GOP deserting its candidate to back Lieberman in Conn.

Senator lost in the Democratic primary, is running as an independent

The Nation Votes 2006


Facing Sen. Joseph I. Lieberman's independent candidacy, Republican officials at the state and national level have made the extraordinary decision to abandon their official candidate, and some are actively working to help Lieberman win in November.

Despite Lieberman's position that he would continue to caucus with Democrats if re-elected, all three Republican congressional candidates in Connecticut have praised Lieberman and have not endorsed the party's nominee, Alan Schlesinger.

An independent group with Republican ties is raising money for Lieberman, who has been a strong supporter of President Bush on the Iraq war.

Sen. John McCain, an Arizona Republican, although he has said he would support the Republican nominee, is not planning to campaign for him and allowed two of his aides to consult with the Lieberman camp before the Aug. 8 Democratic primary.

Newt Gingrich, a Republican who was once speaker of the House of Representatives, has endorsed Lieberman's re-election bid.

Some Republicans are quietly rooting for Lieberman's Democratic opponent, Ned Lamont, because they feel Lamont would be a polarizing liberal target. But many leading Republicans say it would serve the party better to have a centrist such as Lieberman remain in office, particularly after being spurned by his own party.

There is little to no talk of bolstering Schlesinger, 48, the Republican nominee, a former mayor of Derby who has registered polling numbers so low that they are breaking records for unpopularity. Little known throughout the state, Schlesinger received attention this summer after reports in The Hartford Courant that he had gambled under a fake name and once owed gambling debts. He has dismissed the accounts as irrelevant.

Schlesinger has reacted bitterly to being rejected by his party and has dismissed calls for him to leave the race. He maintains that he can win by conveying his conservative platform to voters.

"Washington and the media have attempted to hijack this election and turn it into a referendum on the future of the national Democratic Party," Schlesinger said in an interview yesterday. "Their interest is not in electing a Republican in Connecticut, or anyone in particular in Connecticut."

Republican doubts about Schlesinger were crystallized when the White House spokesman, Tony Snow, refused Monday to say that the White House would endorse Schlesinger. Ken Mehlman, chairman of the Republican National Committee, pledged to "stay out of this one."

All major national Republican groups are withholding their fundraising and organizational support for Schlesinger, creating a vacuum for Lieberman, as the centrist in the race, to fill.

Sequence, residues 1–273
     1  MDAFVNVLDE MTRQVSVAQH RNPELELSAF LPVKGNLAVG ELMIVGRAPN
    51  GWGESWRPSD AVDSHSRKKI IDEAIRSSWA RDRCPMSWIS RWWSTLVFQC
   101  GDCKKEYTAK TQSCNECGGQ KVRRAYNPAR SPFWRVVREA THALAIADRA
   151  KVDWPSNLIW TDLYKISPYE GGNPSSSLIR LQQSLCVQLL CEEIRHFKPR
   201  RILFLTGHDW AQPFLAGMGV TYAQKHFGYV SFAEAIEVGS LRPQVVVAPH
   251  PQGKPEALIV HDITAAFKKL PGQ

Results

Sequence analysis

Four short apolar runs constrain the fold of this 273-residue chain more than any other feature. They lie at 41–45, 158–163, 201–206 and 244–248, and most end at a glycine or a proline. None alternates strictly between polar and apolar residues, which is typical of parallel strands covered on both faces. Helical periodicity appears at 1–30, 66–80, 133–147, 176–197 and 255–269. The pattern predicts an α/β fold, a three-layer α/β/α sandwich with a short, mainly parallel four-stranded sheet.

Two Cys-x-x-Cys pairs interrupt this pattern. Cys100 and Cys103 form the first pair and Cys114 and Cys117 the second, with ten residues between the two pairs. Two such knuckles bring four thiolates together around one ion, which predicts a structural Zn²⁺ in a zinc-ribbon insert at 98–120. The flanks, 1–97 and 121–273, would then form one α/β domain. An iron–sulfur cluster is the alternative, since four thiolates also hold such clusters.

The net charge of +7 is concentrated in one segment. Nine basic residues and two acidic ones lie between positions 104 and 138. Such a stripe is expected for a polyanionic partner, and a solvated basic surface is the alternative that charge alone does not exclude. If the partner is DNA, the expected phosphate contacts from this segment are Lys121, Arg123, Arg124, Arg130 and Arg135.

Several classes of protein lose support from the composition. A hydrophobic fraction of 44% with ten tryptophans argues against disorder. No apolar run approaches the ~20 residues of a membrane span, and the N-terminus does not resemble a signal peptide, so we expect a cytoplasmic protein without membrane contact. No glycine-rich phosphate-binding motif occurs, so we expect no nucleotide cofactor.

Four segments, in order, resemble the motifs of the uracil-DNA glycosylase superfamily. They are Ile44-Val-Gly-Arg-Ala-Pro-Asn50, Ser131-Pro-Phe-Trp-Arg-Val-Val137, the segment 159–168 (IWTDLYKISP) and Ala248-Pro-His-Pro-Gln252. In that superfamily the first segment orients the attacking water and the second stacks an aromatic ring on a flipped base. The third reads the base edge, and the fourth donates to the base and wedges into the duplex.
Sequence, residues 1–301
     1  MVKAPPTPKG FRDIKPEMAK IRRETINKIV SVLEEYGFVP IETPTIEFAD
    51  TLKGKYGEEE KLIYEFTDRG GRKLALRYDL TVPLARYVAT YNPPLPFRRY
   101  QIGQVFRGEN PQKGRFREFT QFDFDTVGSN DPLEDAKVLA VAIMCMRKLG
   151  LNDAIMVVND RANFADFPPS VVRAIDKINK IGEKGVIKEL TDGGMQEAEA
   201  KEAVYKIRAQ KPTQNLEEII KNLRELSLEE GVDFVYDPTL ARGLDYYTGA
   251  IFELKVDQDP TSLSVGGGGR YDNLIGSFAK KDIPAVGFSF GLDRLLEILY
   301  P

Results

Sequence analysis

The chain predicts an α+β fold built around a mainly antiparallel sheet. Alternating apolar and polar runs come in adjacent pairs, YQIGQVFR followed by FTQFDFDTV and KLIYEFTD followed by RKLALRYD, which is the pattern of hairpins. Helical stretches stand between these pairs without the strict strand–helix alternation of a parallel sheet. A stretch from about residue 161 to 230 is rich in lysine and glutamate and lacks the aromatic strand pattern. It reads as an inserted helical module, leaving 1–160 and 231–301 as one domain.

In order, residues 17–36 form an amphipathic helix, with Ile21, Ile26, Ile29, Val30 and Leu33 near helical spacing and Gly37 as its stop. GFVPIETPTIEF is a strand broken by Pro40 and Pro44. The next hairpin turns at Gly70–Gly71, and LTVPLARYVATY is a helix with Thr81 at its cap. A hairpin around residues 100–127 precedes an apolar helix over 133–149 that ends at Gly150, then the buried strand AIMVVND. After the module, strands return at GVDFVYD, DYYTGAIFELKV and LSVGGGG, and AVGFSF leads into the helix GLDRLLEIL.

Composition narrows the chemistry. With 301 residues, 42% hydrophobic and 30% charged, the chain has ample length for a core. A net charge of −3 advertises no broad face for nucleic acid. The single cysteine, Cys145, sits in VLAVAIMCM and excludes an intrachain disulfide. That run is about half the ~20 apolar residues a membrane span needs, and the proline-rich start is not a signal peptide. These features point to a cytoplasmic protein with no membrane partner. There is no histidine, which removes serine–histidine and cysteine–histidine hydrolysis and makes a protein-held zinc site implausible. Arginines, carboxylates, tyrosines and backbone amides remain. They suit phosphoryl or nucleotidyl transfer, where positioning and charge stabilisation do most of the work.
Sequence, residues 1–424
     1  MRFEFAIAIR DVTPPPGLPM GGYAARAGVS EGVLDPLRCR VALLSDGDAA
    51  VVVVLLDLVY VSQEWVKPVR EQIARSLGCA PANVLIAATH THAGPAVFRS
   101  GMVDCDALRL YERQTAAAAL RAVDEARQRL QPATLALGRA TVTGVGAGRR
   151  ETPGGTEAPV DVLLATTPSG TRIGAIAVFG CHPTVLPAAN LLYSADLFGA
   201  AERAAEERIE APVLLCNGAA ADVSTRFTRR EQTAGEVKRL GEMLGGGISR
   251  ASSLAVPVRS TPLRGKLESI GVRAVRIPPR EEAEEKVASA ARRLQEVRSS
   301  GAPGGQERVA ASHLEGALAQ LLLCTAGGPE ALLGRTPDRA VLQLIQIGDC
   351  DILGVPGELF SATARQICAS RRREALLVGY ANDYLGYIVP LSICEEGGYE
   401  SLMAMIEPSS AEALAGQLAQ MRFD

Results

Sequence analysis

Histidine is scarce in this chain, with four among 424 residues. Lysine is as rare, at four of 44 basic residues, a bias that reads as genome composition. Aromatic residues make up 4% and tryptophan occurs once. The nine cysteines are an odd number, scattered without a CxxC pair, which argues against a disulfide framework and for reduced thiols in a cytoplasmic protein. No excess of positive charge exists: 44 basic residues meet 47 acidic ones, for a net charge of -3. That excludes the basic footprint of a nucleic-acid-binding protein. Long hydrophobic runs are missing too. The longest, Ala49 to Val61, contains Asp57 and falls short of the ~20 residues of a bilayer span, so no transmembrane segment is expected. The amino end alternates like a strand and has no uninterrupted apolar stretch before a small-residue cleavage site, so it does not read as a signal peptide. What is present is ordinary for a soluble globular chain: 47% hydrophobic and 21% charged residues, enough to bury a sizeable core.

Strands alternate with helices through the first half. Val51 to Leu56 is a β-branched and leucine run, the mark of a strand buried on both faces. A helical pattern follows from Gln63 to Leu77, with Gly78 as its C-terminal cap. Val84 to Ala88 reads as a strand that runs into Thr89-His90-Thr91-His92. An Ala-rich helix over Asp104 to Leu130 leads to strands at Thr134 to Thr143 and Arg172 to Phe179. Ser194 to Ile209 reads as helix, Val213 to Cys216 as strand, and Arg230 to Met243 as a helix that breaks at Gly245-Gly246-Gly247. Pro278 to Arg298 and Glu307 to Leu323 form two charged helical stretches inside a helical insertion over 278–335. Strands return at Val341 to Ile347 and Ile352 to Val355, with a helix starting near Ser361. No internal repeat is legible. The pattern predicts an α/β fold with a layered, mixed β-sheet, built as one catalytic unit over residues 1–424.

"The right thing for people who believe the world is deeply dangerous is to re-elect Lieberman," Gingrich said. That is especially true, he said, because "the Republican Party's own candidate does not have any possibility of winning."

Initially, in the days after Lamont's victory, Republican officials had feelers out for a stronger Republican candidate than Schlesinger, according to strategists with close ties to the party and the White House.

One strategist said the fear was that a hard-fought race between Lamont and Lieberman would spur Democratic turnout, which, he said, could harm vulnerable Republicans in the state, such as Rep. Christopher Shays and Rep. Rob Simmons.

Republicans were always pessimistic about finding a replacement who could win the Senate race outright in largely Democratic Connecticut, but they had hoped to find someone who could excite Republican voters enough to offset a feared surge of Democratic votes in November.

But in the days since the primary, concerns about a Democratic surge have subsided. Lieberman appears to be inspiring enthusiasm, even among Republicans, helped in part by the lack of institutional enthusiasm for his Republican rival.

The Lieberman campaign has largely played down the Republican support, aware that the Lamont campaign is likely to use it in an effort to alienate Democrats and independents.

"Part of the problem here is that everyone outside of Connecticut wants to glom onto this race, wants to put their own spin on it and wants to use it for their own advantages," said Dan Gerstein, a Lieberman adviser. "We are not interested in being anyone's political football."

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